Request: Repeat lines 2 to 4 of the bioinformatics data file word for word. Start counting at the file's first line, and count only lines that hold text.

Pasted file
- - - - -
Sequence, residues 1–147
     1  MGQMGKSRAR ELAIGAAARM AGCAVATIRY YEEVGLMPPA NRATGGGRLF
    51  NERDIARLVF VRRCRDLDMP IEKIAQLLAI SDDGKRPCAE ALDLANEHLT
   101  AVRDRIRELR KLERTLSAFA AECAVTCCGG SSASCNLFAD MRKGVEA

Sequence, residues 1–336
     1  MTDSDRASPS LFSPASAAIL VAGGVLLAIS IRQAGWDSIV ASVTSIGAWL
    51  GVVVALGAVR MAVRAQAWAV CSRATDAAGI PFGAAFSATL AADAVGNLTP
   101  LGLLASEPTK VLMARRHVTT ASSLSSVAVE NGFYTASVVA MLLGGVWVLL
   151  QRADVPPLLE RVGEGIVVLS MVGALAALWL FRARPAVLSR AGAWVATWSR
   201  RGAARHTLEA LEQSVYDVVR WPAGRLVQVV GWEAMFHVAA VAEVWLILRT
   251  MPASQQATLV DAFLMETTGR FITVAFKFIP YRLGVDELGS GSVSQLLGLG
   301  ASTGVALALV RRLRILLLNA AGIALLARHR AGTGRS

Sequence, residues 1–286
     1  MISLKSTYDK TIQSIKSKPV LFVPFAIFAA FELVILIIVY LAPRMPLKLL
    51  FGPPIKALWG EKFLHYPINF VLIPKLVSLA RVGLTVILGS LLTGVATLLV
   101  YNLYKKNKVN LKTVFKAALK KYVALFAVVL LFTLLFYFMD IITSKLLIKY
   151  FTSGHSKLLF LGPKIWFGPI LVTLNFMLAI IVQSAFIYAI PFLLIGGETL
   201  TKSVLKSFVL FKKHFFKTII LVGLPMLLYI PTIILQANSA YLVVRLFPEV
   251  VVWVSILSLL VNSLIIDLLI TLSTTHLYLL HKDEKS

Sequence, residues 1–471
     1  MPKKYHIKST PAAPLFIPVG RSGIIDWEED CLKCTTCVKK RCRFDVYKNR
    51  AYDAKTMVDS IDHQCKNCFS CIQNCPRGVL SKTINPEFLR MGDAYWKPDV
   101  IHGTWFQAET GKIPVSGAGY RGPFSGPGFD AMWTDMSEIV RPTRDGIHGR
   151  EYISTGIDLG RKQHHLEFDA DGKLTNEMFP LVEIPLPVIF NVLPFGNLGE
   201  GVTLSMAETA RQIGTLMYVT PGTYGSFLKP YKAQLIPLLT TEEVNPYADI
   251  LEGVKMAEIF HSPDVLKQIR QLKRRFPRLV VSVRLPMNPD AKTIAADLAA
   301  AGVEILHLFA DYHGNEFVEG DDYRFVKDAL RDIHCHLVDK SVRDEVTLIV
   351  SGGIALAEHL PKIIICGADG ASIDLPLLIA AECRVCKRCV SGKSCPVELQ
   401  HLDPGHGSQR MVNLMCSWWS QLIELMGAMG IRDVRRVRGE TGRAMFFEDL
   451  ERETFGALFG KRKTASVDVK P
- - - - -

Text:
     1  MGQMGKSRAR ELAIGAAARM AGCAVATIRY YEEVGLMPPA NRATGGGRLF
    51  NERDIARLVF VRRCRDLDMP IEKIAQLLAI SDDGKRPCAE ALDLANEHLT
   101  AVRDRIRELR KLERTLSAFA AECAVTCCGG SSASCNLFAD MRKGVEA